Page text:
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I am creating a file-oriented database of some test results performed by various users. For this I need to generate unique id for every entry in the database. The ids must satisfy following requirements:

  • Ids should be fairly small (6 characters at most)
  • For every test case and user combination each time same id should be generated

What I tried was a simple BKDR hash function with seed value 31 and used ord() function as follows:

@chars = split(//,$hash_var);

$hash = 0;
$seed = 31;

foreach $char ( @chars ) {
   if( $char !~ m/\d/ ) {
       $hash = ( $seed * $hash ) + ord( $char );
   }  
   else {
       $hash = ( $seed * $hash ) + $char ;
   }
}

$hash = ( $hash & 0x7FFFFFFF ) % 1000;
$hash = "$chars[0]$chars[$#chars]$hash" ;

This sometimes leads to same results for various combinations i.e uniqueness is not observed. Is their any other way to accomplish this? Does changing seed value help accomplish uniqueness.

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3 Answers 3

up vote 3 down vote accepted

Part of your problem may be that you are using floating point math and BKDR is almost certainly wanting integer math. You can fix that bug by saying

my @chars = split(//,$hash_var);

my $hash = 0;
my $seed = 31;

for my $char ( @chars ) {
   use integer;
   if( $char !~ m/\d/ ) {
       $hash = ( $seed * $hash ) + ord( $char );
   }  
   else {
       $hash = ( $seed * $hash ) + $char ;
   }
}

$hash = ( $hash & 0x7FFFFFFF ) % 1000;
$hash = "$chars[0]$chars[$#chars]$hash" ;

Another tweak that might help is using characters other than the first and last. If the first and last characters tend to be the same, they add no uniqueness to the hash.

You may also want to use a better hash function like MD5 (available in Digest::MD5) and trim the result to your desired size. However, the fact that you are using a hash at all means that you run the risk of having a collision.

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3  
The last sentence (hashing risks collision) is worth +1 all by itself. –  Michael Carman Jun 30 '09 at 13:31

Do you have more than 256 users and/or more than 65536 test cases per user? If not, you can just index users from 0 .. 255 and test cases from 0 .. 65535 and encode it as a string of hexadecimal digits so six characters would be fine.

If you have more users or test cases than that, I would again index the users and test cases and then combine them into a 32-bit integer which would actually only take 4 bytes and be trivial to implement but slightly harder on humans.

In any case, I am assuming you are given user name and test case information. Just keep two tied hashes: %users and %cases to map users and test cases to their index numbers.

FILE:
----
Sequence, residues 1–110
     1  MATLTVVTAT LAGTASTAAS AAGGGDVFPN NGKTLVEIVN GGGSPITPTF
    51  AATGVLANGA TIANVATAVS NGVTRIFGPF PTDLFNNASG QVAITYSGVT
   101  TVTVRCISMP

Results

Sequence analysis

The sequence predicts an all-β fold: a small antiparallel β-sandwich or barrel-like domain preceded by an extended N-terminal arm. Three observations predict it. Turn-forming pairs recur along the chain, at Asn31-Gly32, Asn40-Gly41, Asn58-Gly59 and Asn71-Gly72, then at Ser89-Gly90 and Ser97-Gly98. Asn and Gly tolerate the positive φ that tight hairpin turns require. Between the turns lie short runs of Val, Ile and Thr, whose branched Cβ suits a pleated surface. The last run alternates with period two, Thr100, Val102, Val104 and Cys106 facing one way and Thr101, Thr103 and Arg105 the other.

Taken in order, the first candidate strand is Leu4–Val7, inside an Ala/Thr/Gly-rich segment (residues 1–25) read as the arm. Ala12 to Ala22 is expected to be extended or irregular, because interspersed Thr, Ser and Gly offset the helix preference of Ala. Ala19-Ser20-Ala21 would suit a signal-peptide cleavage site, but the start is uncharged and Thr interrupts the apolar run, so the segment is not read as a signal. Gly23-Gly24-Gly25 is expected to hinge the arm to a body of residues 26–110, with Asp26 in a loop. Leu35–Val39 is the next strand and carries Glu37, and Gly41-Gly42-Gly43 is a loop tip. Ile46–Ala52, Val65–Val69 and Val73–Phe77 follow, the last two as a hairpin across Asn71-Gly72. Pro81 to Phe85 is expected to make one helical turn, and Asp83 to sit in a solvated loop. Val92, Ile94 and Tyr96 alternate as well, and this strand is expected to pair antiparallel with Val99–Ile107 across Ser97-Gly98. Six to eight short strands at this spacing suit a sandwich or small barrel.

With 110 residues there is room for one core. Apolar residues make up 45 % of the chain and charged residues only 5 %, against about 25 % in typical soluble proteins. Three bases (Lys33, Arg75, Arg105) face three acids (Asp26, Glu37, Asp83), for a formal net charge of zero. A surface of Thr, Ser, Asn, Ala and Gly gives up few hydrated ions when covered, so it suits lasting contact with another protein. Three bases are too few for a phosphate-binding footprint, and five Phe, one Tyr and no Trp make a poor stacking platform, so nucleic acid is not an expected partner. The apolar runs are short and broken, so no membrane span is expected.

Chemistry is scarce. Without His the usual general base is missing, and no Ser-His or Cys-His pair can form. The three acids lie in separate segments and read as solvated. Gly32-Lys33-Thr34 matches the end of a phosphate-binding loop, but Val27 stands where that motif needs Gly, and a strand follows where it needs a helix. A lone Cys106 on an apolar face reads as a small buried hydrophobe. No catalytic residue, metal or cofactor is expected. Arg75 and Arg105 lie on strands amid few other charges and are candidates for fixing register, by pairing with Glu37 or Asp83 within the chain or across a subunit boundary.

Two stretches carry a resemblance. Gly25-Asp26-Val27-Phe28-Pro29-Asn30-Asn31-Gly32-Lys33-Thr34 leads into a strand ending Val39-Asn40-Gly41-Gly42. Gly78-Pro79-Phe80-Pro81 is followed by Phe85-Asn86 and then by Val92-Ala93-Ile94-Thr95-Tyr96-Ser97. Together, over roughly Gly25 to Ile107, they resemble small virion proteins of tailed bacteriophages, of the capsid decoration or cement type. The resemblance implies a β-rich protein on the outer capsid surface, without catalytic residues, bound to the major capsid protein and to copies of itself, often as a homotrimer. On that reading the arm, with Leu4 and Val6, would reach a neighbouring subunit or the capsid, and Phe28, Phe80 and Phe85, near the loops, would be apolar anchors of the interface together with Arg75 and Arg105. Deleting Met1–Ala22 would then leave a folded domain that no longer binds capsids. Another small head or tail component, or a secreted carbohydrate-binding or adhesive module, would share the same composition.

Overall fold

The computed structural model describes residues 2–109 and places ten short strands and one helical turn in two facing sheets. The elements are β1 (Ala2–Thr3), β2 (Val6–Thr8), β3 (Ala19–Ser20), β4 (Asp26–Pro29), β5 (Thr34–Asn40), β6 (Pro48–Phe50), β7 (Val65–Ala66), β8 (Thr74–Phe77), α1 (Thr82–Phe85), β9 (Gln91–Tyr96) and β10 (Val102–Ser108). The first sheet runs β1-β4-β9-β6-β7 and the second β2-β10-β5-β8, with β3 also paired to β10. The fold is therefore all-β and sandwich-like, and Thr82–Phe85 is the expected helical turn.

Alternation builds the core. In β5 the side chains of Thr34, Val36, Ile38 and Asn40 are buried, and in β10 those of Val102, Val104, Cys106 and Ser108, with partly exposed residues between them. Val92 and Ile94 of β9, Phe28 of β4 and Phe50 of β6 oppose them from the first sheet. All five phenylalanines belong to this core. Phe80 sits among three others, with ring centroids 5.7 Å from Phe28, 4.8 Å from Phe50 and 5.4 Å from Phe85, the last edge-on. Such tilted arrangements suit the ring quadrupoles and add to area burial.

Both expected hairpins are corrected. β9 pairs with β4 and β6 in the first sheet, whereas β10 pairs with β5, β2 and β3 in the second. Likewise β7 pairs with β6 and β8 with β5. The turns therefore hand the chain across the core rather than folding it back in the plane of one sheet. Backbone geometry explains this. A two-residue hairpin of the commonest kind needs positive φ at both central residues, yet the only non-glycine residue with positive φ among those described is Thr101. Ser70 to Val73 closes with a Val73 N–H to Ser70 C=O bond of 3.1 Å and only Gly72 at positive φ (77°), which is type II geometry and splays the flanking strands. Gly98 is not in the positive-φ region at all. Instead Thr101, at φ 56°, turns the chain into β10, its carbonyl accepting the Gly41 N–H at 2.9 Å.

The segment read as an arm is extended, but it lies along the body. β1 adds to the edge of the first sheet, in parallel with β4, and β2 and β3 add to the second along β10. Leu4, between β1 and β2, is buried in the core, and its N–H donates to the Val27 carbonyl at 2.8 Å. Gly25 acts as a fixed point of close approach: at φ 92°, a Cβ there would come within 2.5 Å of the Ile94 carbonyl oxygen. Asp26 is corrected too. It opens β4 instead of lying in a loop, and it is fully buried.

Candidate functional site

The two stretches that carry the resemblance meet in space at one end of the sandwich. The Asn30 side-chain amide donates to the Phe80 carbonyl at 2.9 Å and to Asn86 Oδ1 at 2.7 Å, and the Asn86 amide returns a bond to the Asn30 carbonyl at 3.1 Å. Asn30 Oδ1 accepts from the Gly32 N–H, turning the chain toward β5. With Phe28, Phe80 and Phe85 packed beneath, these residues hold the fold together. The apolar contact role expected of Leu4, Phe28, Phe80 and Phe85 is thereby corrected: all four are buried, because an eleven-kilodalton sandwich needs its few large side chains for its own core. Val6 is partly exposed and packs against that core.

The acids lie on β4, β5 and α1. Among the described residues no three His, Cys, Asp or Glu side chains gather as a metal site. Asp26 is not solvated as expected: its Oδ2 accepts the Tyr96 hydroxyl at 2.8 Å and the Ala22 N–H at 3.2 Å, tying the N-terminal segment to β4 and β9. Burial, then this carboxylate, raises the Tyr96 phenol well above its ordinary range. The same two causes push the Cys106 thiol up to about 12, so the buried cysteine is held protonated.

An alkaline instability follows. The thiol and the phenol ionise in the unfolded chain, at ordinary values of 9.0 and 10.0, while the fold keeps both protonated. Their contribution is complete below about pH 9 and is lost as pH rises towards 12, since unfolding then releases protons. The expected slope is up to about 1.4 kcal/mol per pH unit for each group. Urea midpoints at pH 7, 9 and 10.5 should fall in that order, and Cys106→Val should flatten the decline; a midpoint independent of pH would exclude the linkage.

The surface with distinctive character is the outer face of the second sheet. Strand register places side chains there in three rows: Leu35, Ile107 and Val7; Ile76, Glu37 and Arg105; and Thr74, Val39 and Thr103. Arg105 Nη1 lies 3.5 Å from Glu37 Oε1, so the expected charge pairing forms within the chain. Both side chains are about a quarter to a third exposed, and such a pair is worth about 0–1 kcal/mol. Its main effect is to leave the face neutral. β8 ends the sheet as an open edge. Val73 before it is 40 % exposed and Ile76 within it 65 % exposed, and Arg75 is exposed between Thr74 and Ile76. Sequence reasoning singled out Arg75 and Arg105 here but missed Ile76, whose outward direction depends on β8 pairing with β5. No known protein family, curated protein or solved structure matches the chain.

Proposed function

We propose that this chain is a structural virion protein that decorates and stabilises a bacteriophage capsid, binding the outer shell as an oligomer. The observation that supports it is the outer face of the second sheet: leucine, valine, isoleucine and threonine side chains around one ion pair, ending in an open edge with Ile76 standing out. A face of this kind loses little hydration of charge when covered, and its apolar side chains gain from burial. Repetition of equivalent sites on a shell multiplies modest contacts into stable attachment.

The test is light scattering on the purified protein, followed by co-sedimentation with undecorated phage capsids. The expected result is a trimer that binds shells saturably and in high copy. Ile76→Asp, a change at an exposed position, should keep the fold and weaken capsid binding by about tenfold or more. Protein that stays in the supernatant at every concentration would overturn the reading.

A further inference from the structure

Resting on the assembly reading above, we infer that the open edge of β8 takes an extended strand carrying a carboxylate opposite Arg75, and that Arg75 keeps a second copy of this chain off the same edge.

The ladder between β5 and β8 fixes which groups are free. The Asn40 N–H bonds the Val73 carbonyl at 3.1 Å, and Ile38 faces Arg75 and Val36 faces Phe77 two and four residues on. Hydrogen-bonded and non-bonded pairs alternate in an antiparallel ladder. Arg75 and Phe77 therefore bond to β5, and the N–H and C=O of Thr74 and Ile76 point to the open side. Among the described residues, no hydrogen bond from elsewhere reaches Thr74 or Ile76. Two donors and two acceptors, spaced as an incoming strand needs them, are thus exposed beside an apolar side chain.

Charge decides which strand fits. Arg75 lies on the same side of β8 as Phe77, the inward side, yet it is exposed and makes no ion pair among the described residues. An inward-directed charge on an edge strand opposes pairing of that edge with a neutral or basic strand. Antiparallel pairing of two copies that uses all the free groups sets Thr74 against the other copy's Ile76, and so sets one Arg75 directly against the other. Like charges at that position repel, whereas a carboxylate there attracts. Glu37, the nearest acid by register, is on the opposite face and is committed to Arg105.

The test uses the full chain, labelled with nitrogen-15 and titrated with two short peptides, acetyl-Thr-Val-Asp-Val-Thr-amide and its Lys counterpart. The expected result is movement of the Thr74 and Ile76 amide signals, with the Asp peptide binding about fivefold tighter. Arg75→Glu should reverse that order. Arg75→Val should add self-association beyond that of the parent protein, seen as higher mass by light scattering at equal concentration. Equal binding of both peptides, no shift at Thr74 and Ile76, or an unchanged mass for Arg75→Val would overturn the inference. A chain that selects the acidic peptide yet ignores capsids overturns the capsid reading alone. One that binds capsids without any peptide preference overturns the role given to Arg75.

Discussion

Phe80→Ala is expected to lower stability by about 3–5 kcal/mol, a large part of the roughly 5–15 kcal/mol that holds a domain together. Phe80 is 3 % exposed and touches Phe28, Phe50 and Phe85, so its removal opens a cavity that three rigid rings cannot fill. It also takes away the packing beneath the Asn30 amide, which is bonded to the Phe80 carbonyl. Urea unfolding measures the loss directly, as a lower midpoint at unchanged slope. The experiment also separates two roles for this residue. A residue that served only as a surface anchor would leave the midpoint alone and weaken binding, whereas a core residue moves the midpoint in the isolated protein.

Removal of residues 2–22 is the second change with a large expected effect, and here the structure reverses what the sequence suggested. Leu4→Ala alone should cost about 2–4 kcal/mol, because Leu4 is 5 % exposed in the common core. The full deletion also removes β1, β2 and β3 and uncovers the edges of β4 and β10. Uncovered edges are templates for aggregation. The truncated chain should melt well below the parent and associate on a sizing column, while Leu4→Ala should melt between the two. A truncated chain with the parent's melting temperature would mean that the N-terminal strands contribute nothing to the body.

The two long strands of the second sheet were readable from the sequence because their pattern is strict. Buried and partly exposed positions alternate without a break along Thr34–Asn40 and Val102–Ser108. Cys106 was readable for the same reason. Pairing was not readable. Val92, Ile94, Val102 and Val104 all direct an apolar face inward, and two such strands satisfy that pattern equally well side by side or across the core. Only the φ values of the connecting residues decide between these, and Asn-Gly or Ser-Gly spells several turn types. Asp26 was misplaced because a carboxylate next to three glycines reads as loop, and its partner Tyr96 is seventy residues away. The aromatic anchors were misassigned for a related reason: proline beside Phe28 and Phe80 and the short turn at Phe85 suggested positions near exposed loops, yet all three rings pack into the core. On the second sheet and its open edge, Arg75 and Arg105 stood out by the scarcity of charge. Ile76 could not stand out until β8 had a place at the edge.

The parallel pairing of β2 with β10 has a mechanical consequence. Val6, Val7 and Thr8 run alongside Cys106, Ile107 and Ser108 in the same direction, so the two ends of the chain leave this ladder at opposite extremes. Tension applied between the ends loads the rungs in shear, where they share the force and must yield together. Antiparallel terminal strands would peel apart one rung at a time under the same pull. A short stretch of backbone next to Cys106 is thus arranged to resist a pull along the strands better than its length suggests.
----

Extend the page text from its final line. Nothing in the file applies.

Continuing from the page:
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If you don't have a lot of users/testcases a simple solution like this might be enough. You'd have to add the limit (and probably pack the integer when storing it).

vinko@parrot:~# more hash.pl
use strict;
use warnings;

my %hash;
my $count = 0;

sub getUniqueId {

        my $_user = shift;
        my $_test = shift;
        my $val;

        my $key = $_user."|".$_test;
        if (defined $hash{$key}) {
                $val = $hash{$key};
        } else {
                $hash{$key} = $count;
                $val = $count;
                $count = $count + 1;
        }
        return $val;
}

my @users = qw{ user1 user2 user3 user4 user5 user3 user5 };
my @testcases = qw{ test1 test2 test3 test1 test1 };

for my $user (@users) {
        for my $test (@testcases) {
                print "$user $test: ".getUniqueId($user,$test)."\n";
        }
}
vinko@parrot:~# perl hash.pl
user1 test1: 0
user1 test2: 1
user1 test3: 2
user1 test1: 0
user1 test1: 0
user2 test1: 3
user2 test2: 4
user2 test3: 5
user2 test1: 3
user2 test1: 3
user3 test1: 6
user3 test2: 7
user3 test3: 8
user3 test1: 6
user3 test1: 6
user4 test1: 9
user4 test2: 10
user4 test3: 11
user4 test1: 9
user4 test1: 9
user5 test1: 12
user5 test2: 13
user5 test3: 14
user5 test1: 12
user5 test1: 12
user3 test1: 6
user3 test2: 7
user3 test3: 8
user3 test1: 6
user3 test1: 6
user5 test1: 12
user5 test2: 13
user5 test3: 14
user5 test1: 12
user5 test1: 12
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1  
What exactly do you think you are getting out of that prototype? You may want read the following link before using another one: perl.com/language/misc/fmproto.html –  Chas. Owens Jun 30 '09 at 12:57
    
The problem of mixing languages. I had written getUniqueId() and then decided upon fixing the prototype rather than removing it. –  Vinko Vrsalovic Jun 30 '09 at 13:41

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